It’s not only fossil fuel subsidies that cause other energy technologies to win out over renewables such as solar. Fracking has led to an abundance of natural gas and the technology has gotten cheaper in recent years. But even though natural gas is cheap and burns cleaner than coal, fracking has a long list of negative impacts. Rural communities are disproportionately hit by these negative impacts, which include water contamination, earthquakes, land grabbing and methane pollution.
Even certain renewables pose large risks to the environment, human health and community well-being, despite clean energy generation and cost effectiveness. Hydropower is widely used, cost effective and will play a large part in many state implementation plans. Hydropower accounted for 68.75% of Washington’s total electricity generation in 2013, and many northern states, including Minnesota, have the opportunity to import large amounts of hydropower from Canada. However, dam construction can pose considerable threats to biodiversity and habitat, and can increase some vector-borne diseases that threaten human health. Perhaps more importantly, the dams that fuel hydropower imports from Canada are already displacing tribes and altering their native lands, and will continue to do so if renewable energy standards in the United States permit for more imported hydropower.
Nuclear power is another contender for inclusion in state implementation plans. The United States generates over 30% of the world’s nuclear generation of electricity and new reactors are still being built. Nuclear plants have a comparatively long life (60 years versus the 30 years for a natural gas plant) and they do not emit carbon dioxide. But nuclear power’s problems start at the source and continue throughout the energy production process. Uranium mining, most of which has occurred on tribal lands in the southwestern United States, produces toxic mining waste that contaminates water and increases radiation levels. To make things worse, mining often occurs without the tribes’ consent. In addition, nuclear plants are not immune to human error and natural disasters, and a nuclear accident can release radiation that lingers in the environment for years. It’s clear that states must consider more than cost and emissions reductions when designing their implementation plans over the next one to three years.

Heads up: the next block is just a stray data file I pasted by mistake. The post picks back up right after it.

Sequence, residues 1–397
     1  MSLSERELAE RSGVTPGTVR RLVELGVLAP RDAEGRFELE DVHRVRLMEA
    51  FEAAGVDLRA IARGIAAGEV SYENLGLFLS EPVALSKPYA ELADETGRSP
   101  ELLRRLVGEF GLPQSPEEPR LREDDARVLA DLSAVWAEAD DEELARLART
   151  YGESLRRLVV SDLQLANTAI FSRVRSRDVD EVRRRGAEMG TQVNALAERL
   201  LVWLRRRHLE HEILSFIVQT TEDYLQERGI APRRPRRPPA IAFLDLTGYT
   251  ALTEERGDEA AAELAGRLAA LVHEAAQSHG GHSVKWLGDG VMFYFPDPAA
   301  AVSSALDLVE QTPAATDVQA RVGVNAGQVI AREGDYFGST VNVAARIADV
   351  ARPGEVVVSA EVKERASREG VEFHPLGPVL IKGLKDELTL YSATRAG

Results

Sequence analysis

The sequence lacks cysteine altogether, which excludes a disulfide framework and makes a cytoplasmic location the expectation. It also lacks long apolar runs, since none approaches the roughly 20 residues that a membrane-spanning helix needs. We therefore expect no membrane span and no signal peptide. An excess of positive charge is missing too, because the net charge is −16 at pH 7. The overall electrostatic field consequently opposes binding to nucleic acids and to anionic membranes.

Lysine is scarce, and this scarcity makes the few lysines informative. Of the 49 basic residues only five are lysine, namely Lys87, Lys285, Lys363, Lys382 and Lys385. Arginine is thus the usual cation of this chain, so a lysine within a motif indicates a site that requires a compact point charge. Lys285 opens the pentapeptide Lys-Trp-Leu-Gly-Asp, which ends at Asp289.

Successful localized renewable energy programs, like Made in Minnesota, demonstrate the feasibility of expanding technologies like wind and solar that do more than lower greenhouse gas emissions. Now is the time for states to look at the whole picture and move down a path of sustainability that includes economics and carbon accounting, but values environmental quality, human health and community resilience as well.